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... Test score rankings in the accountability era have potentially made the distinction between " good " and " bad " schools more visible and tangible, and in light of the test score gap between disadvantaged minorities and Whites, accountability may compel increased segregation as higher SES White families potentially utilize testing results to avoid lower performing and in turn, high minority schools (Boger 2002;Wells and Holme 2005;Hastings, Kane, and Staiger 2007;Hastings and Weinstein 2008;Schneider and Buckley 2002). Research which examines the school choice process more generally finds that higher income parents or parents of higher scoring students tend to use test score performance, alone or in combination with information on school demographics like racial composition, as the basis for judging school quality (Schneider and Buckley 2002;Hastings, Kane, and Staiger 2007;Hasting and Weinstein 2008;Liebowitz and Page 2014). Liebowitz andPage (2014)find that academic quality matters more than racial composition for families with high scoring students while racial composition appears to matter more for families with average students. ...
... Research which examines the school choice process more generally finds that higher income parents or parents of higher scoring students tend to use test score performance, alone or in combination with information on school demographics like racial composition, as the basis for judging school quality (Schneider and Buckley 2002;Hastings, Kane, and Staiger 2007;Hasting and Weinstein 2008;Liebowitz and Page 2014). Liebowitz andPage (2014)find that academic quality matters more than racial composition for families with high scoring students while racial composition appears to matter more for families with average students. However, other research finds that school academic performance has a significant impact on school selection independent of racial composition (Saporito 2003; Schneider and Buckley 2002).Saporito (2003)found that Philadelphia parents used test scores as well as racial demographics and poverty levels to gauge the suitability of magnet schools for their children. ...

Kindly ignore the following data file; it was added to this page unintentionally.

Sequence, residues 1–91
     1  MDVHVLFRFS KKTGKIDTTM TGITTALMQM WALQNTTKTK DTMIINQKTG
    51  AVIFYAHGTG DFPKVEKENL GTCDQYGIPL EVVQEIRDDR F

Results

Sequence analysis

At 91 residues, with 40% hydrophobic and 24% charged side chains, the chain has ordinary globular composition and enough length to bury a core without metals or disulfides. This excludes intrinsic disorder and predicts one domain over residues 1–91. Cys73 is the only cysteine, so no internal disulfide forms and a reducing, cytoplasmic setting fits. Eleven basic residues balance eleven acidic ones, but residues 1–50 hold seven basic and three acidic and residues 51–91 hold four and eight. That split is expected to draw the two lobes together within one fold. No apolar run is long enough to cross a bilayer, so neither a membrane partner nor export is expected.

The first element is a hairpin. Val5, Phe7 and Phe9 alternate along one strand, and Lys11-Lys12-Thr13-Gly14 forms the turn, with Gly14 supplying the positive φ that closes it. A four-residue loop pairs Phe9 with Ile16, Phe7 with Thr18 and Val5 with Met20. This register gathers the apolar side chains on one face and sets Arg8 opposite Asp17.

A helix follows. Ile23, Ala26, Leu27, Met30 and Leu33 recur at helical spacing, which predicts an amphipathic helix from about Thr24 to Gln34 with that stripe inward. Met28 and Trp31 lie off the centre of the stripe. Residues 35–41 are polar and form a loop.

... This is certainly a testable proposition, and would only require individual-level data, though it is not clear whether data of this nature currently exists. Test scores may not always be the central criterion for choice of school, and research is mixed with regard to the role of test scores on school selection (Holme 2002;Lareau 2014;Liebowitz and Page 2014;Saporito 2003;Schneider and Buckley 2002;Weininger 2014). However, our results suggest that accountability policies have a robust effect on segregation, one that does not dissipate after accounting for many other factors. ...
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Although a great deal of research has examined the impact of accountability on a number of different outcomes, particularly achievement, little research to date has assessed the impact of school accountability reform on racial segregation in schools. Using school, district, and state-level data from the Common Core of Data from 1987 to 2010 and data on school accountability from other sources, we examine black-white within-district segregation before and after the passage of the No Child Left Behind Act (NCLB) in 2002. We find that NCLB was associated with significant increases in black-white segregation within school districts, even after controlling for other factors that might have led to increased segregation (e.g., release from court-ordered segregation, recent Supreme Court decisions). This effect was especially pronounced among districts in states that had implemented school accountability policies prior to NCLB. Our results lead us to conclude that policymakers must also consider the negative unintended consequences of education reform policies, even those designed to have an ameliorative impact on inequality.
... While those two competing preferences do not necessarily align, it is important to understand that the same inclinations can shift-and are more likely to do so when groups gain exposure to one another (Mickelson, 2011;Wells & Crain, 1994). Yet, even though schools would be a natural place for such exposure to occur, both quantitative and qualitative studies continue to underscore the fundamental roles that race and class play in school choice processes among white and advantaged families (Holme, 2002;Liebowitz & Page, 2011). These families typically use informal networks to pass along information about desirable schools, and more often than not the demographic makeup of a school setting carries more weight than actual indicators of school quality (Holme, 2002). ...